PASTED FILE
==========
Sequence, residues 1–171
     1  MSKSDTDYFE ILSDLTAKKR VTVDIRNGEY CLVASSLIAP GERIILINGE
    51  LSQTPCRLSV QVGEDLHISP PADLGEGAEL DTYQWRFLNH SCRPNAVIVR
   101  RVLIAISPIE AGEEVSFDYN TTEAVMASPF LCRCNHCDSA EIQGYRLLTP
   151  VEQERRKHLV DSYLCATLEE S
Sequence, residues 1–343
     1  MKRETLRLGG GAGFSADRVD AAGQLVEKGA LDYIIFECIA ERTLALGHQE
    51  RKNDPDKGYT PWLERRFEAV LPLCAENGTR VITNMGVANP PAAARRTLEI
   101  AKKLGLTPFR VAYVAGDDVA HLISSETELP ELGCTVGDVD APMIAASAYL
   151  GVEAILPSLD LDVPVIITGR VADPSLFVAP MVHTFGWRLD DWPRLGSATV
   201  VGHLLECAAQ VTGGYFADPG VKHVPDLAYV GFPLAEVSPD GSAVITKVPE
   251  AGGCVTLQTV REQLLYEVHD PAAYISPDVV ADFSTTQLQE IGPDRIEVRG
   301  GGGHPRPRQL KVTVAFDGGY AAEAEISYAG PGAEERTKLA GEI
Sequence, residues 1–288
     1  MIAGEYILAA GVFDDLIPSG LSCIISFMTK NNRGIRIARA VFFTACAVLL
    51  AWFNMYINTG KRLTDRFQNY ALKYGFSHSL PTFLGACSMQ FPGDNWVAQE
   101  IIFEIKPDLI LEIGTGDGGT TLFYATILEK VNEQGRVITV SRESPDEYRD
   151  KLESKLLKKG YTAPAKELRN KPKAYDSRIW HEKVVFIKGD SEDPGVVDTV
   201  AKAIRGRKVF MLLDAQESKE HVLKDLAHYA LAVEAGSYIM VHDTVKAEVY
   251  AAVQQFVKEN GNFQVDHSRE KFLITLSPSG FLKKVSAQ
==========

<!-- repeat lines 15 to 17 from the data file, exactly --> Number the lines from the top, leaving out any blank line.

     1  MIAGEYILAA GVFDDLIPSG LSCIISFMTK NNRGIRIARA VFFTACAVLL
    51  AWFNMYINTG KRLTDRFQNY ALKYGFSHSL PTFLGACSMQ FPGDNWVAQE
   101  IIFEIKPDLI LEIGTGDGGT TLFYATILEK VNEQGRVITV SRESPDEYRD